Single acting cylinder
Single acting cylinders are pressurized at one end only while the opposite end is vented to the atmosphere or tank. They are usually designed in such a way that a device such as an internal spring retracts them. Figure 5.2 is an illustration of the simplest form of a single acting hydraulic cylinder along with its symbolic representation.
A single acting hydraulic cylinder consists of a piston inside a cylindrical housing called a barrel. Attached to one end of the piston is a rod, which extends outside one end of the cylinder (rod end). At the other end (blank end) is a port for the entrance and exit of oil.
A single acting cylinder is pressurized at one end only i.e. it can exert a force in only the extending direction as the fluid from the pump enters the blank end of the cylinder. The opposite end is vented to the tank or atmosphere or in other words, these cylinders do not retract hydraulically. Retraction is accomplished by using gravity or by the inclusion of a compression spring at the rod end.
The force applied by the piston depends on both the area and the applied pressure. This force applied for a given cylinder can be calculated by the equation:
Double acting cylinder
Double acting cylinders are the most commonly used cylinders in hydraulic applications. Here pressure can be applied to either port giving power in both directions. Due to the fact that these cylinders have unequal exposed areas during extend and retract operations, they are also known as differential cylinders. This difference in effective area is in turn caused by the area of the rod that reduces the piston area during retraction. Since more fluid is required to fill the piston side of the cylinder during extension, the operation is understandably slower. However because of the greater effective area, more force is generated on extension. During the retraction operation, the same amount of pump flow will retract the cylinder faster because of the reduced fluid volume displaced by the rod. However, the reduced effective area during this operation results in the generation of less force.
Figure 5.3 shows the typical construction of a double acting cylinder.
The cylinder consists of five basic parts: two end caps (a base cap and a bearing cap) with port connections, a cylinder barrel, a piston and the rod itself. This basic construction provides for simple manufacture as the end caps and pistons remain the same for different lengths of the same diameter cylinder. The end caps can be secured to the barrel by welding, through tie rods or by threaded connections.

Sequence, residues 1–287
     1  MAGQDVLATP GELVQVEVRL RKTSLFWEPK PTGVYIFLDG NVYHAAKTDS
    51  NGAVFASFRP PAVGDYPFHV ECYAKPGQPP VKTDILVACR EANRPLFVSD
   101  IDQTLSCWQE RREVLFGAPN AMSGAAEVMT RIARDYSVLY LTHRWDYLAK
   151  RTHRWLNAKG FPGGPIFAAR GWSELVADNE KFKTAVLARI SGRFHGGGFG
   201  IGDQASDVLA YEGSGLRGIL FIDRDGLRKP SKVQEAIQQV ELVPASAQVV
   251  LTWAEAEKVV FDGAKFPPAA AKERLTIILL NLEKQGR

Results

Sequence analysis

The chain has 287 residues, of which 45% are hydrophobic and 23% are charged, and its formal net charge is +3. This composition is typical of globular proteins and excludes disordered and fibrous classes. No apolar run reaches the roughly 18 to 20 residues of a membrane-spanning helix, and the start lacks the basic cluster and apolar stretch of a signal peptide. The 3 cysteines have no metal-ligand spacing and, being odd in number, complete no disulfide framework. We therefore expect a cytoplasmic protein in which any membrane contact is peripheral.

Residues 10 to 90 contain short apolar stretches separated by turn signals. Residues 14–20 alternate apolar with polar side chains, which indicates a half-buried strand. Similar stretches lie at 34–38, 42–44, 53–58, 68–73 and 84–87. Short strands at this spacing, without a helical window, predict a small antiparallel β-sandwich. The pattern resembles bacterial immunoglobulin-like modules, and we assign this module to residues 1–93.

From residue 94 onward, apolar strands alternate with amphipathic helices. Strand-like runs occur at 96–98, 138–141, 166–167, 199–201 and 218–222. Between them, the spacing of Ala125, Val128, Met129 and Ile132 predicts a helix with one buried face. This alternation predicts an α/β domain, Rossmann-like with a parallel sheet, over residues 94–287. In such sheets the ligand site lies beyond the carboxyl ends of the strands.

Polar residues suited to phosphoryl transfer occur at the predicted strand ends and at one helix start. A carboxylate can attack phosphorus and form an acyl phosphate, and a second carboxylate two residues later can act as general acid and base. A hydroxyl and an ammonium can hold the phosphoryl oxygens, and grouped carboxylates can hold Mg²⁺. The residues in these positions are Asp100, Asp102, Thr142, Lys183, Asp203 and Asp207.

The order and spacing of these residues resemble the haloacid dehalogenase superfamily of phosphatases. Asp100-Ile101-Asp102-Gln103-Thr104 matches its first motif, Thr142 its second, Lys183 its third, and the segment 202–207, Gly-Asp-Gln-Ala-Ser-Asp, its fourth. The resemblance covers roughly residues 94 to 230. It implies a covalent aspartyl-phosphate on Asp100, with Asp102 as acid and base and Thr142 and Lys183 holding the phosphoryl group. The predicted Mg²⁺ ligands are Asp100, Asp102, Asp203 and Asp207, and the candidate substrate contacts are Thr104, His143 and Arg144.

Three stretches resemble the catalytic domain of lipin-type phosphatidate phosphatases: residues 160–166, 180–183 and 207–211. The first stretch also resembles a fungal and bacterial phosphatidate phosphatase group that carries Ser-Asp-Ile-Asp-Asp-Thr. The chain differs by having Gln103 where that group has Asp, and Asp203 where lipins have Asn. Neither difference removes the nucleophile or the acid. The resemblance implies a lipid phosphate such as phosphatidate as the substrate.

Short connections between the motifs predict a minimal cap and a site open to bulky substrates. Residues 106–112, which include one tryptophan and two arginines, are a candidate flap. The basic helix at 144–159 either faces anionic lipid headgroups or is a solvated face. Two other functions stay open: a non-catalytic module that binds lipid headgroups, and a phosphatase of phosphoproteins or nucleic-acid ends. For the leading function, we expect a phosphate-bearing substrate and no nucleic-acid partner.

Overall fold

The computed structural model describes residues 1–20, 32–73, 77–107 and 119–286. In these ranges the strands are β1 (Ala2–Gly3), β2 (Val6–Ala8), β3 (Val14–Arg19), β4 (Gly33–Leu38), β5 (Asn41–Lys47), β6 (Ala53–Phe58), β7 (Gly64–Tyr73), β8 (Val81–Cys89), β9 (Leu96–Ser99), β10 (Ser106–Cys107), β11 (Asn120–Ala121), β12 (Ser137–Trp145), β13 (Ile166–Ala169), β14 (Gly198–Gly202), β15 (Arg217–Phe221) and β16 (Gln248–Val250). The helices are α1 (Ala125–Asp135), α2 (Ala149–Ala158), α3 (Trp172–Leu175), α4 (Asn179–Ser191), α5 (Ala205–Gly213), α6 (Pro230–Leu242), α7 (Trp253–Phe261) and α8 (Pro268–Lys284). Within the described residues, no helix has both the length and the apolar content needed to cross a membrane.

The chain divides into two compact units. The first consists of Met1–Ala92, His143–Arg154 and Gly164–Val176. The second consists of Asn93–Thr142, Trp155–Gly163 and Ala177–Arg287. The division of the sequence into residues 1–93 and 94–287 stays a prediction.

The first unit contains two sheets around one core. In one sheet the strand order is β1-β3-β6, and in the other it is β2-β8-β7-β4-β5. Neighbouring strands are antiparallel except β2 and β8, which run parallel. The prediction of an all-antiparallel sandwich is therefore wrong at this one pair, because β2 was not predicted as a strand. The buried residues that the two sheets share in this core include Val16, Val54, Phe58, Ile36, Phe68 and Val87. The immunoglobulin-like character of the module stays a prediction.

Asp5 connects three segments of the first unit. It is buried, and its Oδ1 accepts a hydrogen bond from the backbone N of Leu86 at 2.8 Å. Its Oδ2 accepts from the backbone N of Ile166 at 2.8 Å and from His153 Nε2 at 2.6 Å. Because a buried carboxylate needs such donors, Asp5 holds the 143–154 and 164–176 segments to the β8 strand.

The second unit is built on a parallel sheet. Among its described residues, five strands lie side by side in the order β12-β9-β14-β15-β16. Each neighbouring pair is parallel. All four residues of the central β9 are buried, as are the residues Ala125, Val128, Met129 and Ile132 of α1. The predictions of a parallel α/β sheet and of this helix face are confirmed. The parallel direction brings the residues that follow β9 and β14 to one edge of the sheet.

An enlarged view of the bearing cap welded to the barrel has been illustrated in Figure 5.4.
The inner surface of the barrel needs to be very smooth to prevent wear and leakage.
Generally, a seamless drawn steel tube machined to an accurate finish is used. In applications where the cylinder is used infrequently or involves possible contact with corrosive materials, stainless steel, aluminum or brass may be used as the cylinder material.
Pistons are usually made of cast iron or steel. The piston not only transmits force to the rod, but must also act as a sliding bearing in the barrel and provide a seal between the high- and low-pressure sides. Piston seals are generally used between the piston and barrel. Occasionally when small leakages can be tolerated, piston seals are not used. The usual practice is to deposit a bearing surface such as bronze onto the piston surface which is then honed to a finish, similar to that of the barrel.
The surface of the cylinder rod is exposed to the atmosphere when extended and hence is liable to suffer from the effects of dirt, moisture and corrosion. When the cylinder is retracted, contaminants of the likes of dirt, moisture and corrosive materials may be drawn back into the barrel, causing problems inside the cylinder. Heat-treated chromium alloy steel is generally used for added strength. It also doubles up as a counter against the harmful effects of corrosion.
In order to remove dust particles, these cylinders are fitted with a wiper or scraper seal fitted to the end cap. In dusty atmospheres, external rubber bellows may also be used to prevent the entry of dust. This mounting arrangement of the rubber bellow seal is shown in the Figure 5.3 above.
In order to prevent the leakage of fluid on the high-pressure side along the rod, an internal sealing ring is fitted behind the bearing. In some designs, the wiper seal and the bearing and sealing rings are combined to form a cartridge assembly in order to simplify maintenance. The rod is normally attached to the piston via a threaded end. In order to prevent leakage along the rod, cap seals are provided. These combine the roles of piston and rod seals or act as a static 0-ring around the rod as shown in the Figures 5.5(a) and (b).
The nomenclature used for a typical double acting cylinder has been illustrated in Figure 5.5(c) which is the cross-sectional view of a double acting cylinder manufactured by Sheffer Corporation, Ohio.
Ideally, the stroke of a simple cylinder should be less than the barrel length, giving at best an extended/retracted ratio of 2: 1. Where there is restriction in space, a telescopic cylinder can be used. The following Figure 5.6 shows a typical double acting cylinder with two pistons.
To extend the rod, fluid pressure is applied to port A. It is applied on both sides of the piston 1 via ports X and Y, but the difference in areas between the sides of piston 1, causes the piston to move to the right.
To retract the rod, fluid is applied to port B. When piston 2 is fully driven to the left, the port Y gets connected to port B, applying pressure to the right side of the piston 1, which then retracts.
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